Social media is tailor-made for developing your personal brand. Before you start posting, determine exactly what your professional expertise is, your target audience, and how you want to position yourself. Identify influencers and organizations you want to follow and engage with. In order to make the most of social media, you have to be very active, post often, comment on others’ feeds or in groups you belong to, and engage your audience.

Getting information about potential employers

By following your target organizations on social media you will gain a lot more insight into those organizations than by just looking at their websites. Social media are often updated in real time and much more frequently than websites. This allows you to get a much better grasp of company culture. The better you know a potential employer the better you know if it might be a good fit for you. As an added bonus you will be the first to learn of new opportunities, since these days many companies announce open positions on social media first, before updating job boards.

Caution: Social media can harm your job search efforts as much as they can help

While you are job searching, be especially vigilant about what you post on social media! Compromising information has a way of “getting out there.” So don’t post anything you don’t want a potential employer to see.

Social Media Rules of Thumb

  1. Building a good personal brand on several social media platforms takes a lot of time. If you don’t want to or can’t devote a good bit of time to it, concentrate on one platform and use that one well. For most people in corporate America, LinkedIn will be the platform of choice. If you have Facebook and Twitter accounts that you don’t want to use for your job search, set your privacy settings on the highest level possible!
  2. Watch what you post! Abstain from posting photos that are sexually explicit or involve alcohol and drugs! You might also want to hold off on pictures showing you skydiving, bungee jumping or being involved in other activities that potential employers might consider dangerous. Do not post about divisive issues such as politics or religion (unless you are looking for work as a political consultant or pastor, of course). All of these can get you screened out!

If you need help creating your LinkedIn profile or crafting your personal branding message, contact the Career Center at (225) 231-3733.

Written by Anne Nowak.

LinkedIn: Do I really need it?

The short answer

If you are in a professional career in Corporate America, the answer is yes! If you are job searching in Corporate America, the answer is a resounding yes!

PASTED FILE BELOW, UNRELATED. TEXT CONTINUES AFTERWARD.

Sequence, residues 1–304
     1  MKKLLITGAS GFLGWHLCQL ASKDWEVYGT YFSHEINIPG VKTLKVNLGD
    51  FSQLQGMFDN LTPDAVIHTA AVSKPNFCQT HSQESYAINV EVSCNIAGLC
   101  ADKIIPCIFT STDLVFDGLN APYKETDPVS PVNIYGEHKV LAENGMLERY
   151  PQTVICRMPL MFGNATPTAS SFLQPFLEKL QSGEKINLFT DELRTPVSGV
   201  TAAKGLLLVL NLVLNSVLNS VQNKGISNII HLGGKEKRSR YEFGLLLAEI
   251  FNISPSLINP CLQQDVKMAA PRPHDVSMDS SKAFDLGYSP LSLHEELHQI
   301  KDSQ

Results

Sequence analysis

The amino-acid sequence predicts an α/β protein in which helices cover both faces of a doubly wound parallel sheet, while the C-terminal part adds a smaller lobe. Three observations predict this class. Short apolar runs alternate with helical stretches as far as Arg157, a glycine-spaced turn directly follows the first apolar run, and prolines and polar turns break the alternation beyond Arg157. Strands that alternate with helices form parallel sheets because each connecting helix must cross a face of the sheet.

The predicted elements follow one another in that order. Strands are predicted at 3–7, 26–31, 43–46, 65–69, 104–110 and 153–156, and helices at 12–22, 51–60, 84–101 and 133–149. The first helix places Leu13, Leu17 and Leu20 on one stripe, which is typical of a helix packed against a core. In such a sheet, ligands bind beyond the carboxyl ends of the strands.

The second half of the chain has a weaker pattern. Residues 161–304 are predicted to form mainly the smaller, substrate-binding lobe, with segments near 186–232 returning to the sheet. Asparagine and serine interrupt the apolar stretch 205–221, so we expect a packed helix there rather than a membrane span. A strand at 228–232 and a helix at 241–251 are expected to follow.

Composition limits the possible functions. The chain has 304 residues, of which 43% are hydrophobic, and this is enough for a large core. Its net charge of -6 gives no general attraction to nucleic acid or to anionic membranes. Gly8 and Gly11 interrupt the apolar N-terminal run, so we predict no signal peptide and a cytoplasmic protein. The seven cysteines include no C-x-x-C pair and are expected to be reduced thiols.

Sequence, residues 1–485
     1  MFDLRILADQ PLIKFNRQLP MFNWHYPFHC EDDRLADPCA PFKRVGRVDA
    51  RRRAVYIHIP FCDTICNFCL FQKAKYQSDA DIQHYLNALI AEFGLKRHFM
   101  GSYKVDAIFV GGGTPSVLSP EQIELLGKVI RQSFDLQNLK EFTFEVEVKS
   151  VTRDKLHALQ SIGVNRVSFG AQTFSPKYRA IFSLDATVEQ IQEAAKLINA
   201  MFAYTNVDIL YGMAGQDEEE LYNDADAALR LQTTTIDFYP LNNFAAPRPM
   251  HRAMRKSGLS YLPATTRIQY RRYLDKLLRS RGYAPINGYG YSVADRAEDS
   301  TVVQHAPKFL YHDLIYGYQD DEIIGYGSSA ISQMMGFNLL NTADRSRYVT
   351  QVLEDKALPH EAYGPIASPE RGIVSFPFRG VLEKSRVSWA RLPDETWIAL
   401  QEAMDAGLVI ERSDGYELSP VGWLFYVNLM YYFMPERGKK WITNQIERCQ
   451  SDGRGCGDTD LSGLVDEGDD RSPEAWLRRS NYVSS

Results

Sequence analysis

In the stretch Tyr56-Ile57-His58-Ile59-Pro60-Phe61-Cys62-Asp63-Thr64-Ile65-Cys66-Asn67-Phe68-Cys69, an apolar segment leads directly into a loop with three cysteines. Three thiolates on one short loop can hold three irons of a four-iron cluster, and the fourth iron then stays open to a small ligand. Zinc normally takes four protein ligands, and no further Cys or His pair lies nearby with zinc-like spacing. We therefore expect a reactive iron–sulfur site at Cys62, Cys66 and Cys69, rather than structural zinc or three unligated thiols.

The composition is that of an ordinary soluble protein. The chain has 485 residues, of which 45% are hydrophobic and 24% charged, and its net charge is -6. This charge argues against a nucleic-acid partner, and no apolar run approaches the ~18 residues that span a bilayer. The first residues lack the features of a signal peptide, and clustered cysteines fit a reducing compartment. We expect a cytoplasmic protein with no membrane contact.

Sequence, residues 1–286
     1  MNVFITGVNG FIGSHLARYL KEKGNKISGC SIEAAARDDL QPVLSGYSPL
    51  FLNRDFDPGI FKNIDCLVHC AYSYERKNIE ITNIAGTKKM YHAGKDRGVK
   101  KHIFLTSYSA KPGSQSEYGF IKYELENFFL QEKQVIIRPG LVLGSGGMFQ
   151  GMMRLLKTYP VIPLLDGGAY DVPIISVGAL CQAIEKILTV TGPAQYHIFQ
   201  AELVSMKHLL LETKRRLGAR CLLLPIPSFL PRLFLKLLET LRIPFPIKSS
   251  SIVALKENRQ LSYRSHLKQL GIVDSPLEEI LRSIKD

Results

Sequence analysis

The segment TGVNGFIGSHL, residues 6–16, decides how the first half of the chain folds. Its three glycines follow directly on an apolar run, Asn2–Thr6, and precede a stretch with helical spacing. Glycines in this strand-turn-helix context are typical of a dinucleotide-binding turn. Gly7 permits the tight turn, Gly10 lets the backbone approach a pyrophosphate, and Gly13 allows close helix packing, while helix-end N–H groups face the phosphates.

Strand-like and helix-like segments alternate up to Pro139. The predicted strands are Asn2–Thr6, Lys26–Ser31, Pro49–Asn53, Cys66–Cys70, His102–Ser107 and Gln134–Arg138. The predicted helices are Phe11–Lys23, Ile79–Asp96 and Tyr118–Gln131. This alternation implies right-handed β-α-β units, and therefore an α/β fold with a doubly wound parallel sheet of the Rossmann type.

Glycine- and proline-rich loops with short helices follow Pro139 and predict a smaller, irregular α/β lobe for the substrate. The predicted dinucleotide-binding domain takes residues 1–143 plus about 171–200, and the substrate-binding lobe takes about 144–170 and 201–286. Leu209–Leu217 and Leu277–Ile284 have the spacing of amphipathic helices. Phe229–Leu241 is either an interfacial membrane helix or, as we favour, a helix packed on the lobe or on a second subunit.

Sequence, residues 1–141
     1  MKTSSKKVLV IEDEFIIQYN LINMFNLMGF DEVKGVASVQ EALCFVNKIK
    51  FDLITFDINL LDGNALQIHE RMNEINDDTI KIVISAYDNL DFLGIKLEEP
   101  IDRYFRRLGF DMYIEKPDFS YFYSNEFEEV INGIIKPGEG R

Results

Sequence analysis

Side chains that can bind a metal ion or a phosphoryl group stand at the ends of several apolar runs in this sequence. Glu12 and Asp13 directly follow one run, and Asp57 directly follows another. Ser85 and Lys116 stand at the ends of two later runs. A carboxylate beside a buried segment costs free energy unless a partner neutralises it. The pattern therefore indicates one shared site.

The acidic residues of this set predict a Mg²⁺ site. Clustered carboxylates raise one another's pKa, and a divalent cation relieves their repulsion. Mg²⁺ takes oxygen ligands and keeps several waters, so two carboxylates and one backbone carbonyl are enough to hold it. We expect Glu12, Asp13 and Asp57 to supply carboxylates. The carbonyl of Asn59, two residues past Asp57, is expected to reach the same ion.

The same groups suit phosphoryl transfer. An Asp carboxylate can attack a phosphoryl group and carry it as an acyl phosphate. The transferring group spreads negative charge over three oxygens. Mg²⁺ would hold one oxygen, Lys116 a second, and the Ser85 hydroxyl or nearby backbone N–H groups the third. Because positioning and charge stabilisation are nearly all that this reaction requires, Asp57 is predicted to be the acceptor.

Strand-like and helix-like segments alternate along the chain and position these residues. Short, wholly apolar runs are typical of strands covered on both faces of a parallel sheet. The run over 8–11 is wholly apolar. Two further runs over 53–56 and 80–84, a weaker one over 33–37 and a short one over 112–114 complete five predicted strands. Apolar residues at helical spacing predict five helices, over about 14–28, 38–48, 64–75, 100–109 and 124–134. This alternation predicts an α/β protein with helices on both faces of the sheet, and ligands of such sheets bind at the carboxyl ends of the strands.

professional-network

The preeminent global social network for professionals

According to the company, LinkedIn hosts the profiles of more than 400 million users in 200 countries and territories.  133 million of those users are in the United States. Recruiter surveys show that 93% of recruiters use LinkedIn to either vet candidates or proactively search for new employees. Yes, you heard right, 93%! If you cannot be found on LinkedIn, you might as well be invisible.

Apart from being found by recruiters, LinkedIn is most useful as a networking tool. It’s about establishing connections with other professionals. Job search and career advancement are all about networking. LinkedIn makes it easy to find and establish connections and to leverage them for a potential job search.  It will help you research companies, open positions, and people working for those companies that you may want to connect with. Recently LinkedIn has also beefed up its jobs database and job search feature, so that you can use it as a job board and often directly apply through the site.

As stated above, LinkedIn is most important for people in Corporate America. Small business owners are also seeing LinkedIn gaining in importance for creating new business and marketing. However, there are fields, where this social network is less instrumental, such as academia.

Where do I start?

You have to start by creating a profile. This is very straightforward, just follow the prompts. Make sure your profile is complete! That includes your summary, work history, education, a photo, and recommendations. There is an indicator of “profile strength” on your profile page, which will show what you are missing if your profile hasn’t made it all the way to “all star”. Completeness of profile is important, since only complete profiles will appear at the top of recruiter search results! And, yes, you do need a (professional!) photo and recommendations from connections for your profile to be complete.

The next step is to get connected to other LinkedIn users. Just start by connecting to people you know, such as current colleagues, former colleagues, family and friends, alumni from your alma mater, etc. The more connections you have, the more people will also want to connect with you. Your network will grow exponentially.

If you would like help creating your LinkedIn profile, the Career Center will help you. We offer one-on-one help, LinkedIn workshops, and books about the subject. For very good current LinkedIn information you can also follow Joshua Waldman’s blog.

This is the first in a series of in-depth posts about different features and functionalities of LinkedIn. So stay tuned!

Written by Anne Nowak.